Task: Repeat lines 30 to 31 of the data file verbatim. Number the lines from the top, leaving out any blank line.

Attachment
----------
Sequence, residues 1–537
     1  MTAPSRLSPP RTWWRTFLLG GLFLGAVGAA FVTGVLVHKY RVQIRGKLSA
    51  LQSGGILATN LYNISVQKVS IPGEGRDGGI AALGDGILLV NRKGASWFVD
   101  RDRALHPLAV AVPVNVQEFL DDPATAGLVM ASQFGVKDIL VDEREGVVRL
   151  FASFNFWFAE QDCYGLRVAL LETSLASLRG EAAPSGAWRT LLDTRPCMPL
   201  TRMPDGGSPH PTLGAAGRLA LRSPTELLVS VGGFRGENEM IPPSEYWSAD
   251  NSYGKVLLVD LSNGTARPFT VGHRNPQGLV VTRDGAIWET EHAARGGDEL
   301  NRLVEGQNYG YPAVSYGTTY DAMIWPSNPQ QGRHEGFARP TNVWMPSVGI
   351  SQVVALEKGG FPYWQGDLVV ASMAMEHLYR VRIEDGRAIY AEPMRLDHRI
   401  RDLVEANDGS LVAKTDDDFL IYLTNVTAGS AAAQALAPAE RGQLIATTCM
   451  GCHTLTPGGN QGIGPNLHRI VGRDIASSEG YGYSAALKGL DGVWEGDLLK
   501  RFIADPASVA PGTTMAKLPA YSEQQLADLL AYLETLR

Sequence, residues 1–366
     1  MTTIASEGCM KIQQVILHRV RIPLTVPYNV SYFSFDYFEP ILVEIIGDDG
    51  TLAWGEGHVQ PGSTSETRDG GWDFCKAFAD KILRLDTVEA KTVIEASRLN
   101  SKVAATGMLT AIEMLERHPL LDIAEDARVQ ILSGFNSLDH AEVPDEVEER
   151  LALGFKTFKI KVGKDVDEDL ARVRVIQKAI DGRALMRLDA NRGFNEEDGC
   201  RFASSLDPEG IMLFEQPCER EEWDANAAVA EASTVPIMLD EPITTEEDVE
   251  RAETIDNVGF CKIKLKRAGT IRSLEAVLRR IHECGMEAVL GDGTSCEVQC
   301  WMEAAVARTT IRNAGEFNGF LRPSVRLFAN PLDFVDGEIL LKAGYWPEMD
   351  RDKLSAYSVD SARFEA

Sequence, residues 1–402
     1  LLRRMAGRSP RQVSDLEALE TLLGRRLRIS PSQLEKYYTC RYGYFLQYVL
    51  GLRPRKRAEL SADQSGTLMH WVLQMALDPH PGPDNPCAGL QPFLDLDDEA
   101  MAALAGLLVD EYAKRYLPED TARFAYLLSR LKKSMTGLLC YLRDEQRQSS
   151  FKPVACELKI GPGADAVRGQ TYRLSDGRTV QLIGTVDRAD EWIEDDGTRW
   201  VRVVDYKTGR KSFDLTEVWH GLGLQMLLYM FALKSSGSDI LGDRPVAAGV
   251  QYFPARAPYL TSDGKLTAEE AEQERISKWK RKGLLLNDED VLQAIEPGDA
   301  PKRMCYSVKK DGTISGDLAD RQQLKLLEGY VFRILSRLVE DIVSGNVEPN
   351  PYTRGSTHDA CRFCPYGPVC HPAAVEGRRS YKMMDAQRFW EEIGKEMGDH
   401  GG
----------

   351  PYTRGSTHDA CRFCPYGPVC HPAAVEGRRS YKMMDAQRFW EEIGKEMGDH
   401  GG